While some use cases have already been implemented, firms absolutely have intentions to broaden the scope of how they’re leveraging this latest technology. However, utilizing and benefitting from Generative AI for financial services poses certain challenges that companies are still grappling with.
Use case identification
Generative AI for financial services is exciting, but most firms have very limited experience with it (if any). The temptation is to explore the technology first, then investigate what problems it could help solve, as was the case with machine learning a few years ago. In reality, it is much more effective when a company identifies a problem first, then determines how to utilize AI to solve that specific problem.
At this stage (and for this industry), GenAI has proven effective for accelerating information retrieval. So, identifying the information you want to retrieve in a faster and more organized fashion is a great start. This type of use case naturally extends to others such as Internal Knowledge Management, Investment Compliance, Research and Due Diligence Questionnaire (DDQ) analysis.
Privacy and Data Security
One of the most prominent challenges is keeping data private and secure. Obviously, data privacy is one of the highest priorities for financial services companies. And they go to great lengths and expense to ensure the security of their data and that of their clients. With many public AI solutions, the data companies and their employees feed into a model that is no longer within their locus of control, as in this recent Samsung case. In the example of Chat GPT, the data goes to Open AI, a third-party vendor.
Here are potential ways to address the issue of security:
- Leveraging an open-source LLM and fine-tuning it so that the data utilized by the model is not shared with external third-party environments.
- Configuring a private link if using a public cloud environment to connect resources and disabling all public access to the data.
- Building an Extract, Transform, Load pipeline (ETL) pipeline and automating all the data feed jobs in the production environment to avoid data exposure to unauthorized persons.
As with other new technologies, firms must figure out the infrastructure they need to deploy Generative AI. Cloud providers such as AWS (Amazon Web Services) or Microsoft Azure now provide easy access to GPU computational power, which can be deployed with a click of a button. However, there are other aspects of the infrastructure to consider such as:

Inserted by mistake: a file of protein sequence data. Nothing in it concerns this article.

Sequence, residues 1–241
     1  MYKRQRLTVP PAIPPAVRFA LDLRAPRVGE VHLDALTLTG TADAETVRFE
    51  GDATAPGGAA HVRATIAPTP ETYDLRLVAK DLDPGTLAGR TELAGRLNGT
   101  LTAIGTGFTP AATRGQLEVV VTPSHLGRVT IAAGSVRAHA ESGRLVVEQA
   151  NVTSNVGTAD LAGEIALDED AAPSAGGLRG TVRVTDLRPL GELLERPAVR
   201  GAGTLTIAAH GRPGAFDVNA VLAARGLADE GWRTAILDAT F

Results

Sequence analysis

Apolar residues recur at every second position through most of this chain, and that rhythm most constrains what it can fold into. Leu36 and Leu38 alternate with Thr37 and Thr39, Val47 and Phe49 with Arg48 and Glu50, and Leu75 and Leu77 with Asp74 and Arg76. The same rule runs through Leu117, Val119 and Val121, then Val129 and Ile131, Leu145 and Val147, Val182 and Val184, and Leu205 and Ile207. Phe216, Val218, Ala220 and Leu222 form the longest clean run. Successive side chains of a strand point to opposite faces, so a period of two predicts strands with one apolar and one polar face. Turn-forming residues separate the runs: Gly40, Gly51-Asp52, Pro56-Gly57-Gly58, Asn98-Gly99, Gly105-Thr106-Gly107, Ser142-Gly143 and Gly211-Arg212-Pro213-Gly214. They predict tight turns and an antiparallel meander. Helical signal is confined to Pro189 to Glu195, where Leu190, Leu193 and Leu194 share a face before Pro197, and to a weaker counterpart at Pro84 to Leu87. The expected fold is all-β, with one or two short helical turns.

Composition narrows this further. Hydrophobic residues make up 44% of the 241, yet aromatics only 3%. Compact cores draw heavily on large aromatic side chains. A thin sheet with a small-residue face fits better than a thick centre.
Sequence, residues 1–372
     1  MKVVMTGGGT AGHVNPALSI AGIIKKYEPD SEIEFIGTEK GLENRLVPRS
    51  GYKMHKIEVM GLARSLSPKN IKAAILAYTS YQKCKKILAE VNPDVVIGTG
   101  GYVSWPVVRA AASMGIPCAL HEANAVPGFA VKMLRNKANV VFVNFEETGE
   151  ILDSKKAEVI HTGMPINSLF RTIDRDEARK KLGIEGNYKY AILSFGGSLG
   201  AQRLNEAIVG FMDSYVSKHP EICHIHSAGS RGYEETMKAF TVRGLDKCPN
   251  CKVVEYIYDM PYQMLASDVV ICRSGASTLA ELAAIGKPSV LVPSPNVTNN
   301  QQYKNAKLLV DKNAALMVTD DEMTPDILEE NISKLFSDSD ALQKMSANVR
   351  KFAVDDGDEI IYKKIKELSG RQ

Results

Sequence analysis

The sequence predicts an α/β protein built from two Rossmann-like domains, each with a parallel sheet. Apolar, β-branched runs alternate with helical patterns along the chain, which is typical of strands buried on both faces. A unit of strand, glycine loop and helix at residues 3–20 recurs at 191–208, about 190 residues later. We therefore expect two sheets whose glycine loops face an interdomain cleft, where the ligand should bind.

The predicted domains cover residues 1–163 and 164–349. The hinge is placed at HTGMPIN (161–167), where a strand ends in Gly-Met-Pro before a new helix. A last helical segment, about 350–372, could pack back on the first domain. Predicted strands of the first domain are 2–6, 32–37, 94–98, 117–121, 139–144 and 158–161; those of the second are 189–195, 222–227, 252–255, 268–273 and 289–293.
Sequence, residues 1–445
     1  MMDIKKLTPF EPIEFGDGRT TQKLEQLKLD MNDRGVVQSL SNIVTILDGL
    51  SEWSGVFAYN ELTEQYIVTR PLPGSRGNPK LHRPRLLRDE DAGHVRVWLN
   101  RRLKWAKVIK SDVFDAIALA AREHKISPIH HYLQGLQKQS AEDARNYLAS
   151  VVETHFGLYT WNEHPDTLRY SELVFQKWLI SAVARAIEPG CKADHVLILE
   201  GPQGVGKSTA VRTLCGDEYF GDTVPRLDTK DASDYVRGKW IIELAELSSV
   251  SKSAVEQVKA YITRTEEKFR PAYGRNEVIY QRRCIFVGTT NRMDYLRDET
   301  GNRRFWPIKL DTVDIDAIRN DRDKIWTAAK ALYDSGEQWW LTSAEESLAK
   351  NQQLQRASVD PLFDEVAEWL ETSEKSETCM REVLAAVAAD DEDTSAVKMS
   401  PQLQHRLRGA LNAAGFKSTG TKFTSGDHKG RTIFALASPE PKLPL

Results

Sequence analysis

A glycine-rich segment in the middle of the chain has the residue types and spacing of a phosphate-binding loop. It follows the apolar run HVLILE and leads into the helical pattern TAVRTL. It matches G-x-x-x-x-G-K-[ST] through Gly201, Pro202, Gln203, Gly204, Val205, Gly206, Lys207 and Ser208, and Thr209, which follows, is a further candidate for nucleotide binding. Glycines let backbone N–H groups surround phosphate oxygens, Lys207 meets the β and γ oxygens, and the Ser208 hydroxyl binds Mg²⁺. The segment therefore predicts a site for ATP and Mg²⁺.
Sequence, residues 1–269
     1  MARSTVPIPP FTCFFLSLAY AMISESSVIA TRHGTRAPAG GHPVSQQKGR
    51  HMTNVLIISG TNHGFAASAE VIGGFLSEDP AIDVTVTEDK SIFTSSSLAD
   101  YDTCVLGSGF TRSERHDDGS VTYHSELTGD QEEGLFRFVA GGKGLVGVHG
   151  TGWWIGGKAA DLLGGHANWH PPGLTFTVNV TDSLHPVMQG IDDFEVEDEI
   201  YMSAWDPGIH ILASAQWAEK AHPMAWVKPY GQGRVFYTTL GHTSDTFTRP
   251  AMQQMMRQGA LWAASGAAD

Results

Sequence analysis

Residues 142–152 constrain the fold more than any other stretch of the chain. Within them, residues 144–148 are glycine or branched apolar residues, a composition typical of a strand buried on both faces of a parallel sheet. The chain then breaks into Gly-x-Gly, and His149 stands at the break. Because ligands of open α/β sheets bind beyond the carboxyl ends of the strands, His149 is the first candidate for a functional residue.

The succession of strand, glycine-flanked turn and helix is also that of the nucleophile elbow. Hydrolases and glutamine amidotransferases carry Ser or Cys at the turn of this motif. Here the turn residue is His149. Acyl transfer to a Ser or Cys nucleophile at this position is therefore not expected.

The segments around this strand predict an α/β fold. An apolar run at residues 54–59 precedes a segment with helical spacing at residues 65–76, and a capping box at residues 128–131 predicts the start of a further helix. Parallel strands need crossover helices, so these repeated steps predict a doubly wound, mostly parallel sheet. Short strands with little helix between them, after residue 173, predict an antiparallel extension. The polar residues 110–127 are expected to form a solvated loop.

- Identifying the right sizing and GPU version, both from the computational requirement as well as cost perspective. For example, a simple Q&A Engine which only responds Yes or No does not usually require the power of Nvidia A100 80GB GPU memory.
- If using open-source LLMs, there could be CUDA version dependencies to match GPU memory or Python libraries, which need to be addressed at the time of configuration. CUDA is a software layer that gives direct access to the GPU's virtual instruction set and parallel computational elements.
- Designing ETL modules like Azure Data Factory (ADF) based on the data characteristics (structured, semi-structured or unstructured), frequency of updates, and size of the data.
- Building API connectivity either through REST or GraphQL architecture that would accept the input request and provide a relevant response in a timely manner.
Operationalizing your GenAI solution
The release of ChatGPT has prompted many financial organizations to increase their AI spend, specifically Generative AI, as highlighted in this Gartner Poll.
However, they still must deal with operationalizing their GenAI pilots, to achieve the desired ROI. Automating data feeds, enabling secure storage for ingestion and inference by LLMs is no easy feat. In addition, maintaining a reasonable level of performance when multiple users are accessing the application requires design considerations of load balancing and prompt engineering. These deployments involve the need to build pipelines for model installation, data processing, and inferencing while ensuring scalability and extensibility of the solution.
While these challenges can complicate AI adoption, the potential benefits of modernizing operations with AI are too tempting to pass up. Fortunately, companies can take steps to mitigate the downside risks.